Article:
The DPoS consensus model has come under some criticism for being too centralized, given the relatively small number of validators compared to a vast number of proof of work miners. However, the blockchain “trilemma” of scalability, security, and decentralization, is a challenge as old as the technology itself. Therefore, developers and users always have to prioritize what’s most important to them when deciding which platform to use.

Rules of the TRC20 Token Standard

Like the ERC-20 token standard, TRC-20 tokens must adhere to a set of rules, including mandatory and optional elements.

There are three optional rules and six mandatory rules.

The optional rules are:

  • Token name refers to the full written name of the token, e.g., Tether.
  • Token ticker refers to the abbreviation used for the token, e.g., USDT.
  • Token precision is the minimum divisible unit of the token, which can be up to one-eighteenth.

The mandatory rules are:

  • Total supply refers to the maximum number of tokens that can be issued on the Tron platform.
  • Balance Of will return the token balance of the user’s Tron account.
  • Transfer allows tokens to be moved from the smart contract to a user’s account.
  • Approve authorizes a third party, such as another smart contract, to transfer tokens.
  • Transfer From allows a third party, such as another smart contract, to take tokens from a user account and transfer them elsewhere.
  • Allowance queries the remaining number of tokens that a third party can transfer.

Like Ethereum, a developer can program other rules into TRC-20 tokens if they want them to carry out specific tasks. However, these code lines above are the minimum requirement for any smart contract to be classed as TRC-20-compliant.

Apps and Projects Using the TRC-20 Token Standard

Tether is perhaps the biggest and best-known project using the TRC-20 token standard. Tron-USDT is now more popular than Ethereum-USDT, with transactions on the former surpassing the latter in early 2021, reflecting that Ethereum’s high transaction fees are becoming a barrier for many users.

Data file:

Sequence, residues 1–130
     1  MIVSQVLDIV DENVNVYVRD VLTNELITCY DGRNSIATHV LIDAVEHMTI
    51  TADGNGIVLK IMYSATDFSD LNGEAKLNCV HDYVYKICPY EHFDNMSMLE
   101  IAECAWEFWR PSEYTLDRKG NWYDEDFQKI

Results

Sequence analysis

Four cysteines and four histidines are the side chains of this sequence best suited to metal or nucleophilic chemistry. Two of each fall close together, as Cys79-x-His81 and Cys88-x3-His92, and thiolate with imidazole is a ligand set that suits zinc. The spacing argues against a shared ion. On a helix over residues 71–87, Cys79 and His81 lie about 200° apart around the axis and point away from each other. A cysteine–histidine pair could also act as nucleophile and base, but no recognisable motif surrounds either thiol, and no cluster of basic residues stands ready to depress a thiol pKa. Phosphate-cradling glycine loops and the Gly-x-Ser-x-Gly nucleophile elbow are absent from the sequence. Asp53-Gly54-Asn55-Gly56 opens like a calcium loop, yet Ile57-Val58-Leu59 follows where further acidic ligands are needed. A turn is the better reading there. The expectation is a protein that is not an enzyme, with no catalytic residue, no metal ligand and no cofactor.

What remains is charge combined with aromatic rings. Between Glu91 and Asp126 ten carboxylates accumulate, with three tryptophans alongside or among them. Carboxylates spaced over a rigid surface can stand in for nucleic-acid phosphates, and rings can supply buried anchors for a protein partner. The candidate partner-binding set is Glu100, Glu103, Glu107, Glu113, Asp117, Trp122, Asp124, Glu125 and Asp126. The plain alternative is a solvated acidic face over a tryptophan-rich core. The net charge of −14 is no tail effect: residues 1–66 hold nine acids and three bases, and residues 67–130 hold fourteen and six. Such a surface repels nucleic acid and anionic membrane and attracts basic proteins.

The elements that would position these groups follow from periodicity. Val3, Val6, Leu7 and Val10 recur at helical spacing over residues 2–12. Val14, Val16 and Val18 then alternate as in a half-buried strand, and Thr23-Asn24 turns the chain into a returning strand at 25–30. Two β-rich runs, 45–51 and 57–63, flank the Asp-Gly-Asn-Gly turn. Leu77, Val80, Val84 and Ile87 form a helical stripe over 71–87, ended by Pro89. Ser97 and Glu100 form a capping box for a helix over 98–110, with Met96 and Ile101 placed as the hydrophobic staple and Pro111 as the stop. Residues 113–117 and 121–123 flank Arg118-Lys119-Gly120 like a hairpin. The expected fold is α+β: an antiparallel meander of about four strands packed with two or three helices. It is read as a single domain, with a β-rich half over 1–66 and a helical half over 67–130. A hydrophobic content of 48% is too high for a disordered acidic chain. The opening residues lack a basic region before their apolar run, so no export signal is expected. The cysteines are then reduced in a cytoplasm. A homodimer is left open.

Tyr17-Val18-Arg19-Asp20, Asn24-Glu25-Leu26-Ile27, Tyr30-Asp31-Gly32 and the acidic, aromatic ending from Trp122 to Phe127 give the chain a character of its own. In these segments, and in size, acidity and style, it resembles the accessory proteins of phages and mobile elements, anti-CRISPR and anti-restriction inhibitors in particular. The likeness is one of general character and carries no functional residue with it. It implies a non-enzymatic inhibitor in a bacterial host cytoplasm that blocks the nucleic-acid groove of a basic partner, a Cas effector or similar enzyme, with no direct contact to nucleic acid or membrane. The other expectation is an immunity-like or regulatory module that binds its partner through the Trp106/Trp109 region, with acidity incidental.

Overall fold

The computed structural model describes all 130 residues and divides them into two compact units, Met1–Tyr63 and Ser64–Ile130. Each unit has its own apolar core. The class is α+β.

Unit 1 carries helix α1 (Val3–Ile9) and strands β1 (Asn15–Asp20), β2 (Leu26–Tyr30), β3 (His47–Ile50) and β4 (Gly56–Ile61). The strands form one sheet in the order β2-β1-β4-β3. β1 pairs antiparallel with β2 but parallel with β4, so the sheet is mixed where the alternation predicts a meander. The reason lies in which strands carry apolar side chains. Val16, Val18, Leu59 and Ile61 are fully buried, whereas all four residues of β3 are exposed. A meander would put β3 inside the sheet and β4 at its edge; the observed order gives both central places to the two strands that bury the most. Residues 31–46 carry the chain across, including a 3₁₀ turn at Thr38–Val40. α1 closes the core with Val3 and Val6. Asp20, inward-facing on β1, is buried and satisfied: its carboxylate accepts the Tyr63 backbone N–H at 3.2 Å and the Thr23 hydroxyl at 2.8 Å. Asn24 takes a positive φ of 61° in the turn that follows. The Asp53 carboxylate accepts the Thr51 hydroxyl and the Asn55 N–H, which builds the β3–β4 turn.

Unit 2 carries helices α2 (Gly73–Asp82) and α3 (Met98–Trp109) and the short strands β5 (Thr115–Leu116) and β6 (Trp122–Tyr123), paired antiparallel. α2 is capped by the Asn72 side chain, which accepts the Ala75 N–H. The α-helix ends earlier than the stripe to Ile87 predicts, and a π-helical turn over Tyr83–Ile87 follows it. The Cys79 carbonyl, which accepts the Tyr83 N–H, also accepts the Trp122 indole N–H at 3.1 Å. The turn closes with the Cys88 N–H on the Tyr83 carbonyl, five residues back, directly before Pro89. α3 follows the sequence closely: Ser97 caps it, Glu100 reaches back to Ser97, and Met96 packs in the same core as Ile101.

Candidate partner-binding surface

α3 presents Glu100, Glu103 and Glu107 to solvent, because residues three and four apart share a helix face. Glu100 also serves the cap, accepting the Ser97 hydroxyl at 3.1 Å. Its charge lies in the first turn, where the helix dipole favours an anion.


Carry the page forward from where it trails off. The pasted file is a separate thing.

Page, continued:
Furthermore, the decentralization argument becomes largely irrelevant when discussing Tron-USDT versus Ethereum-USDT because the idea of decentralization is based on the concept of trustlessness. USDT users are required to trust Tether as the company issuing USDT regardless of whether the transactions take place on Ethereum or Tron. Therefore, it makes sense to take advantage of Tron’s lower fees and faster confirmation times when transacting in USDT.

Revain is another project using TRC-20 tokens as part of its review platform. Revain operates as a kind of blockchain-based version of TrustPilot. People who leave reviews can get rewards for the quality of their contributions, incentivizing people to write useful and honest reports about their experiences.

JUST is a Tron-based variation on the Maker DAI stablecoin. Users can stake their TRX tokens into collateralized debt positions to generate a stablecoin called USDJ, which is pegged to the value of the US dollar.

Tron also has a vibrant ecosystem of games, including MegaCryptoPolis 3D, Blockchain Cuties, and many more.

Conclusion

TRC-20 tokens offer all the same benefits as ERC-20 tokens. However, with Ethereum frequently suffering from congestion, resulting in high fees and a poor user experience, Tron-based tokens offer a convenient workaround that’s becoming popular with many users, particularly for those transacting with stablecoins. Phemex is pleased to provide users with access to TRC-20 USDT tokens with fast confirmation and no fees, providing more flexibility for stablecoin users.